Posted on: December 4, 2019 at 10:42 pm
Last updated: October 15, 2020 at 3:10 pm

According to the U.S. Department of Health and Human Services, more than 130 people die every day from an opioid-related drug overdose. The situation has gotten so bad that they have declared it a public health emergency [1].

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The opioid crisis has been receiving increasing amounts of attention by our governments, news outlets, and health professionals, with everyone asking the same question: how can we stop this epidemic?

Researchers in Vancouver, Canada may have found an unlikely solution: marijuana. In a study published in November, researchers in Vancouver’s downtown eastside found that participants who used cannabis every day to manage their chronic pain were almost fifty percent less likely to use illicit opioids on a daily basis [2].

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Cannabis and Pain Management

Cannabis has been used for thousands of years as a remedy in traditional medicine. Due to legal issues, it is used much less frequently today in clinical settings [3]. 

Despite its illegal status in many regions of the world, cannabis has been shown to be moderately effective at reducing chronic pain [3]. 
There is also a growing amount of anecdotal evidence that suggests that marijuana is an effective pain-reliever. Cancer and AIDS patients, people who suffer from migraines, and people with spastic and movement disorders have all described how their use has helped ease their painful symptoms [4].

How Does Cannabis Relieve Pain?

The answer to this question comes down to how our brain perceives pain. You have receptor cells all over your body that are activated by temperature, touch, movement, or chemical changes in the cell’s environment. When they are activated, they send a nerve signal that your brain interprets as pain [4].

Researchers are still working to determine exactly how marijuana helps to relieve pain, but they do have at least one theory:

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The nerves in your body that detect pain also contain a large number of receptors for cannabinoids. In basic studies, it appears that cannabinoids block nerve pain. Because of ethical and logistical issues with conducting pain experiments on humans, the evidence to support this theory is not yet conclusive [4].

The Study

This new study combines data from 2014 to 2017 as part of two long-term studies of people who use drugs on the eastside of downtown Vancouver. One of the studies has been running since the mid-nineties, the other since the mid-2000s [2].

During the studies, researchers interviewed participants about their lifestyle, pain, drug use, and health among other factors. They also took blood samples. Most of the people in the study were either homeless or marginally-housed at best – a population with a much higher rate of drug use [2].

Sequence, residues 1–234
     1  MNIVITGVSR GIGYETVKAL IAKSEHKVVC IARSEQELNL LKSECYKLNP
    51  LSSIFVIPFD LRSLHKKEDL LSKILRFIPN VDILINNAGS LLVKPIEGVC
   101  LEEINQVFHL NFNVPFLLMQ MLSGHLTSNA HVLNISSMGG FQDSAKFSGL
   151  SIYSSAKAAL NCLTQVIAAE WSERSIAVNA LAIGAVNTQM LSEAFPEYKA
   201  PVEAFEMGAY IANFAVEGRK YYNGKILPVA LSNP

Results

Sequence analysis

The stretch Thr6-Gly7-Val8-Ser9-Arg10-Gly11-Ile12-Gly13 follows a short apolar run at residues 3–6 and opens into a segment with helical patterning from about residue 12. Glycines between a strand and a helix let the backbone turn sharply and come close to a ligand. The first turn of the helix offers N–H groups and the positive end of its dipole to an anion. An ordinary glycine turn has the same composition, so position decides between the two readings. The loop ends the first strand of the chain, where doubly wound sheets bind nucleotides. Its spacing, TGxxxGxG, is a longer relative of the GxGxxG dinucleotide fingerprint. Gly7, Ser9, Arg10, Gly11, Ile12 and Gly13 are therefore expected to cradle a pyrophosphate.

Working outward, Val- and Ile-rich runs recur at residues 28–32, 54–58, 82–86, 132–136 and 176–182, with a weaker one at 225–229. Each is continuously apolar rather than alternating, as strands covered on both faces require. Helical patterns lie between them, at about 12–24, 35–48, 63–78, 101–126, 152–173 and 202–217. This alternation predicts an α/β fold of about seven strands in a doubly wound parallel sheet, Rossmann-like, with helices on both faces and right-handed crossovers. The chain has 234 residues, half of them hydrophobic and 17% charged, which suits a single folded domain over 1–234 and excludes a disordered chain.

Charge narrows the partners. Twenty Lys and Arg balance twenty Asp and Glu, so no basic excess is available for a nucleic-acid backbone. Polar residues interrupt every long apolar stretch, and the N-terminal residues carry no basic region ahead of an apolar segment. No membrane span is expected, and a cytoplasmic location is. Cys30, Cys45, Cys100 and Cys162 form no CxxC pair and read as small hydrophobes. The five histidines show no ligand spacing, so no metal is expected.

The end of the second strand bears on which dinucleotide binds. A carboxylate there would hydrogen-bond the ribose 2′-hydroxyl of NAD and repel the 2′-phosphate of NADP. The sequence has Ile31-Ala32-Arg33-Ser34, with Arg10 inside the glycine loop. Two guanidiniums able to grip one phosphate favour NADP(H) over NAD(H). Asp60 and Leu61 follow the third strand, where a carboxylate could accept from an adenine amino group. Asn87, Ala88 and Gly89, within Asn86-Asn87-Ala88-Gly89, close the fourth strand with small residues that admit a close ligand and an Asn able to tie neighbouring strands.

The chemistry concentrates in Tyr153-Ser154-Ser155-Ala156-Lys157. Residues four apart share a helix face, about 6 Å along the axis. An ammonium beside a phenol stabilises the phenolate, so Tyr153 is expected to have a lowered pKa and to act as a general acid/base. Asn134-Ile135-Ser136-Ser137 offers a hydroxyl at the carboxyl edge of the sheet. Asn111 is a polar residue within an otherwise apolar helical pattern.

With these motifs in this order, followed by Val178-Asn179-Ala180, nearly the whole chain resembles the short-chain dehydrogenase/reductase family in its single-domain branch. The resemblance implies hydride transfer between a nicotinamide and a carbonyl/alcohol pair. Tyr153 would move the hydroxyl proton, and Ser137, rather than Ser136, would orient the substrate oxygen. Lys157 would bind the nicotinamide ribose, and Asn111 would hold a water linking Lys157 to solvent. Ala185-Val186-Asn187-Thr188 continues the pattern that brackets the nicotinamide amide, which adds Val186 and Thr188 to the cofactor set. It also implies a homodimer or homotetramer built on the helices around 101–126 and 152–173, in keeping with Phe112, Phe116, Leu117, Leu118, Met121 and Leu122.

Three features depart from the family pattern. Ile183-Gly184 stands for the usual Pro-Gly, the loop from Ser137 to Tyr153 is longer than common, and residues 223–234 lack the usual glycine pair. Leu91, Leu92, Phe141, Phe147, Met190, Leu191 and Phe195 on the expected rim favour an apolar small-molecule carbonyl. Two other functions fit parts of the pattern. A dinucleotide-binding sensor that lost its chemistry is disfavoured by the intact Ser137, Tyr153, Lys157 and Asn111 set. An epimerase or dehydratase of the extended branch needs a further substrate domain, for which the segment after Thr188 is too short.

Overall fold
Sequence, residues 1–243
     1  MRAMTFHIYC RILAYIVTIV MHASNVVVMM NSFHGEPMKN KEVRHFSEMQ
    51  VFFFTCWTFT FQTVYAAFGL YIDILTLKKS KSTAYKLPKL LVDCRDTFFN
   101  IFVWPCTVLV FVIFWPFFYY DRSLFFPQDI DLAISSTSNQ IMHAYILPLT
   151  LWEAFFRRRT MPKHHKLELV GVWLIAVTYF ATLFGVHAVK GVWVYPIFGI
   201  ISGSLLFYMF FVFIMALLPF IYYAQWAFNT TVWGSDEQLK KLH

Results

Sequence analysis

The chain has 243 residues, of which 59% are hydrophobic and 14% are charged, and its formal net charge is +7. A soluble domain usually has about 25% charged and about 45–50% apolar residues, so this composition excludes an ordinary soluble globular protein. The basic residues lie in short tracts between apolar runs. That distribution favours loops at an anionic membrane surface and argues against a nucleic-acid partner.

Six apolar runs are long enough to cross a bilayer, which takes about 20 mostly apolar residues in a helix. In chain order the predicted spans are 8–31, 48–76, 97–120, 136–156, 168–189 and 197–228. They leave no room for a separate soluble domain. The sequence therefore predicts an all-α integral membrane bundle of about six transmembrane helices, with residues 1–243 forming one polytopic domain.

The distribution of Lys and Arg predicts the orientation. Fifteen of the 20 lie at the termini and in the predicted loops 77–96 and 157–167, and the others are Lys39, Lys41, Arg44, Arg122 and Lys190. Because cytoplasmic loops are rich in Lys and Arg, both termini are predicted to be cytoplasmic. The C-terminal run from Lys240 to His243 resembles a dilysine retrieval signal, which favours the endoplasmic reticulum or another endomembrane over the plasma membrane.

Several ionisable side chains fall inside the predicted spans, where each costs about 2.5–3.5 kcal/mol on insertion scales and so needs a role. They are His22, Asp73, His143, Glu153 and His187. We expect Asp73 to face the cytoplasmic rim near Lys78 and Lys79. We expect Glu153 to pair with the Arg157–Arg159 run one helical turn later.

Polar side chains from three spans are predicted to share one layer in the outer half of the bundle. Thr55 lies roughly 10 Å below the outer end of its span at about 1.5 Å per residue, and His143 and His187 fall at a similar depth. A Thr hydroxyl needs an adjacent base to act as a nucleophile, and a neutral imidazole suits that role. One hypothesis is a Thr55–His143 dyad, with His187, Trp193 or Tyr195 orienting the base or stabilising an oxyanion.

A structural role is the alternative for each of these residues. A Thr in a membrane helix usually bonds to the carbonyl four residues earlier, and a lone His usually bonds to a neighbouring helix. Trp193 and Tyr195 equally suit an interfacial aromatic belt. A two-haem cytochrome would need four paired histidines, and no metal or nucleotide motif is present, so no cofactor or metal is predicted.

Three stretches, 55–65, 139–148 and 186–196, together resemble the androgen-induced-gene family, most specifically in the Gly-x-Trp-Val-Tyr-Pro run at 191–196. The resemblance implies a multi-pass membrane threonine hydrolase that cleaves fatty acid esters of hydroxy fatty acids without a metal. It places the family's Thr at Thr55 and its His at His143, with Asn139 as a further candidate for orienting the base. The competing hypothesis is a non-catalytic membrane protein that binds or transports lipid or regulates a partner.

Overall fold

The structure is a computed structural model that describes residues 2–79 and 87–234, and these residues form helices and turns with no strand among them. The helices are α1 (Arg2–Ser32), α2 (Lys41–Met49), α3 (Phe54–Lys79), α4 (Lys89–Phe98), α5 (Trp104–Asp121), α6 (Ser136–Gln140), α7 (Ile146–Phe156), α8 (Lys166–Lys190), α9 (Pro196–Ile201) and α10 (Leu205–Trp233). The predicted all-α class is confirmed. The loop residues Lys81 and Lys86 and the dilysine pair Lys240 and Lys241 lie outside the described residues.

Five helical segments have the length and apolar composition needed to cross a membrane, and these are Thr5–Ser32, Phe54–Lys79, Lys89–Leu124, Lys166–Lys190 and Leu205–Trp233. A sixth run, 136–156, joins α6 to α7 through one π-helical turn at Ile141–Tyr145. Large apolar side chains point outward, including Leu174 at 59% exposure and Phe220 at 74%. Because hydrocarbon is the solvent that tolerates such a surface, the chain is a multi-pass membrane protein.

The author of the study, M-J Milloy explained that chronic pain was one of the biggest factors associated with opioid overdose risk. Since these people live a marginalized existence on the fringes of society, they have more difficulty accessing legal pain remedies. This makes them more likely to turn to illicit drugs to manage their pain [2].

The Findings

These findings are contributing to a growing hypothesis in the world of biomedical science that cannabis may have what’s called an “opioid-sparing effect” [2].

Researchers made a similar conclusion in 2014 when they noticed that in states where there were medical cannabis laws, there was a significantly lower number of deaths caused by opioid overdose [5].
Again, another 2016 study that included 274 participants found that marijuana use resulted in decreased pain, improved functionality and a significant reduction in opioid use [6].

What’s Next?

Conducting these types of studies can be tricky. Due to the nature of the population researchers are studying, it is difficult to control for outside factors. There are also many legal and ethical issues surrounding pain tests on humans, which makes it hard to understand how or why cannabis relieves pain.

In order to determine whether cannabis could be a possible solution to the growing opioid crisis, most researchers in the biomedical community agree that more work needs to be done.

Milloy says that the next step is to conduct trials in a controlled setting. This research has already received funding and plans to start recruiting participants next year [2].

References

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Brittany Hambleton
Team Writer
Brittany is a freelance writer and editor with a Bachelor of Science in Foods and Nutrition and a writer’s certificate from the University of Western Ontario. She enjoyed a stint as a personal trainer and is an avid runner. Brittany loves to combine running and traveling, and has run numerous races across North America and Europe. She also loves chocolate more than anything else… the darker, the better!

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